Lesson Plan on The Bad Seed (Reggio USA)

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Preschool / Pre-Primary / Nursery / Pre-Kindergarten Lesson Plan – Lesson Plan on The Bad Seed (Reggio USA), Reggio philosophy

Title: Exploring Central Themes in “The Bad Seed” – A Reggio Emilia Inspired Lesson Plan for Preschool/Pre-Primary/Nursery/Pre-Kindergarten Students in the USA

– To introduce and explore the central themes of empathy, self-reflection, and personal growth through the children’s book “The Bad Seed” by Jory John.
– To foster creativity, critical thinking, and social-emotional development in young learners.
– To align with the USA Early Learning Outcomes Framework (ELOF) and incorporate the principles of the Reggio Emilia approach.

Curriculum Links:
– USA Early Learning Outcomes Framework (ELOF):
– Social and Emotional Development
– Language and Literacy Development
– Creative Arts Expression
– Approaches to Learning

Theorist: Reggio Emilia
– The Reggio Emilia approach emphasizes child-led, project-based learning, where children are active participants in their own education.
– It promotes the use of open-ended materials, collaboration, and the integration of arts and creativity into the learning process.

– “The Bad Seed” by Jory John
– Chart paper and markers
– Art supplies (e.g., crayons, markers, colored pencils, paints)
– Construction paper
– Glue sticks
– Scissors
– Puppets or stuffed animals
– Dramatic play props (e.g., doctor’s coat, stethoscope, bandages)


1. Introduction (10 minutes):
– Gather students in a circle and introduce the book “The Bad Seed.”
– Engage students by asking questions such as:
– Have you ever heard the phrase “bad seed”? What do you think it means?
– What do you think this book might be about?
– Explain that the book explores important themes like empathy, self-reflection, and personal growth.

2. Reading and Discussion (15 minutes):
– Read “The Bad Seed” aloud, using expressive voices and encouraging student participation.
– Pause at key moments to ask open-ended questions, such as:
– How do you think the seed feels at this point in the story?
– Why do you think the seed behaves the way it does?
– How would you feel if you were the seed?
– Encourage students to share their thoughts and feelings about the story.

3. Reflective Art (20 minutes):
– Provide each student with a piece of construction paper and art supplies.
– Ask students to draw or paint a picture of the seed at the beginning of the story and another picture of the seed at the end.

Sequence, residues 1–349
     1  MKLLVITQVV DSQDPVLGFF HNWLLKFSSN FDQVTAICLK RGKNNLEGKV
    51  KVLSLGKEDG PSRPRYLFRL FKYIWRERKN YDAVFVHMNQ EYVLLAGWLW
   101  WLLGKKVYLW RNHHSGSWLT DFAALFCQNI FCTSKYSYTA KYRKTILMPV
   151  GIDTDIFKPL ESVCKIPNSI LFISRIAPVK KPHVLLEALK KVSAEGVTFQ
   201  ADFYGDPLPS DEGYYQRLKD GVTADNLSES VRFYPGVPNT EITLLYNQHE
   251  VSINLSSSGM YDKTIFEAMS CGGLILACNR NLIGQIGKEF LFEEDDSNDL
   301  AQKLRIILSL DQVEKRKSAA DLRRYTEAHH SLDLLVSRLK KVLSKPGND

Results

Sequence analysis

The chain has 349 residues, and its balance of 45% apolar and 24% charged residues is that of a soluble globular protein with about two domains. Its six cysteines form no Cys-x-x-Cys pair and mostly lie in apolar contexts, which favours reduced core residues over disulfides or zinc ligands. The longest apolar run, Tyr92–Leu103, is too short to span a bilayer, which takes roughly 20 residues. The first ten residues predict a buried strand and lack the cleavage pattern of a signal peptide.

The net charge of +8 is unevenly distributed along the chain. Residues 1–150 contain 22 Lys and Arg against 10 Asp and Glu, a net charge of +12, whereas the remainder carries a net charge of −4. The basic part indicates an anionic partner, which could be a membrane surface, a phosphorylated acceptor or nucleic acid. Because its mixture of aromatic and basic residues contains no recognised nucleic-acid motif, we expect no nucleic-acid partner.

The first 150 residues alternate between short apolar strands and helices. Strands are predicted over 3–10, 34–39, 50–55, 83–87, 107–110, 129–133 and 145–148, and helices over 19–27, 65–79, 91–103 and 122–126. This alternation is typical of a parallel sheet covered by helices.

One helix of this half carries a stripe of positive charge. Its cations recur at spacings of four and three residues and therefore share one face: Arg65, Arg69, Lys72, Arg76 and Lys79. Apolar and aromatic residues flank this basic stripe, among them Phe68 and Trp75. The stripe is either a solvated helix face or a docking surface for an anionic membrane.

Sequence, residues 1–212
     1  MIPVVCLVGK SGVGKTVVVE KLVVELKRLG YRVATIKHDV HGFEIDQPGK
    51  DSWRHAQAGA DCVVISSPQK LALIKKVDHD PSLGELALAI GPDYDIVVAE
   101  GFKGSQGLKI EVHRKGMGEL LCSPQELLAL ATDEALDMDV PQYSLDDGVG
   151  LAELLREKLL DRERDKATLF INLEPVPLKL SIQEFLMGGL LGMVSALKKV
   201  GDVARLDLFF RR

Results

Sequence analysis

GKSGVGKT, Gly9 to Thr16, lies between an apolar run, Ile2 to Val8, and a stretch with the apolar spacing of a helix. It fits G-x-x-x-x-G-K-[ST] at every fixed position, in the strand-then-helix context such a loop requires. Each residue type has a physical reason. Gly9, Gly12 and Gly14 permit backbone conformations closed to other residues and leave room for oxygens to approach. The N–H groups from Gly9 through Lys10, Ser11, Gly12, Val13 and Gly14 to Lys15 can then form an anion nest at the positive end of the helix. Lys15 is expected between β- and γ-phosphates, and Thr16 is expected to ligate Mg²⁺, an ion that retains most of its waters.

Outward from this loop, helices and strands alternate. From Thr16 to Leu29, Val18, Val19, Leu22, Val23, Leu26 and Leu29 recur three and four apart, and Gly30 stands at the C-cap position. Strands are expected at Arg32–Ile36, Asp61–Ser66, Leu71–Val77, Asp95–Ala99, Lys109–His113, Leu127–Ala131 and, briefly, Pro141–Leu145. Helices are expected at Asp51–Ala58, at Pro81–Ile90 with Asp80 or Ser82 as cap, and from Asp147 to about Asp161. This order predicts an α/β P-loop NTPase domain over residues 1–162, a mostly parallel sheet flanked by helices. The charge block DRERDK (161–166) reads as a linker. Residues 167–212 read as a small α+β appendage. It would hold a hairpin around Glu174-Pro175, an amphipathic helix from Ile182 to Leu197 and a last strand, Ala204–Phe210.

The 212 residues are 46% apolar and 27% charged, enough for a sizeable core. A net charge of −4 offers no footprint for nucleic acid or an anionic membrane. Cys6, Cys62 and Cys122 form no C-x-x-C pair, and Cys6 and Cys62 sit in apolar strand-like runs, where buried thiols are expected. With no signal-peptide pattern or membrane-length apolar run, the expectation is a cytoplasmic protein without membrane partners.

– Encourage students to think about how the seed’s feelings and actions change throughout the story.
– Display the artwork on a classroom wall or bulletin board, allowing students to reflect on their own growth and progress.

4. Puppet Play (15 minutes):
– Divide students into small groups and provide each group with puppets or stuffed animals.
– Instruct students to create a short puppet play based on the story, focusing on the seed’s journey of personal growth.
– Encourage students to use their imagination and incorporate dialogue that reflects empathy and understanding.
– Allow each group to perform their puppet play for the class, fostering collaboration and public speaking skills.

5. Dramatic Play Center (20 minutes):
– Set up a dramatic play center as a doctor’s office, including props like a doctor’s coat, stethoscope, and bandages.
– Encourage students to take turns playing the role of the seed and the doctor, reenacting scenes from the book.
– Guide students to explore empathy and problem-solving skills as they pretend to help the seed feel better.
– Observe and provide support as needed, encouraging students to use language and communication skills during their play.

6. Reflection and Closure (10 minutes):
– Gather students back in a circle and facilitate a reflection discussion.
– Ask questions such as:
– How did the seed change throughout the story?
– What did you learn about empathy and personal growth from the book?
– How can we apply these lessons in our own lives?
– Summarize the key themes discussed and encourage students to continue exploring empathy and personal growth in their daily interactions.

– Invite students to write or dictate their own short stories about a character who learns and grows.
– Create a class mural depicting scenes from “The Bad Seed” and other stories that explore similar themes.
– Collaborate with families by sending home a family engagement activity, such as discussing acts of kindness or sharing personal growth stories.

– Informal assessment can be conducted throughout the lesson by observing students’ engagement, participation, and understanding of the central themes.
– Document students’ artwork, puppet plays, and dramatic play interactions to assess their creativity, critical thinking, and social-emotional development.

Note: Adapt the lesson plan as needed to suit the specific age, abilities, and interests of your students






Reggio Emilia



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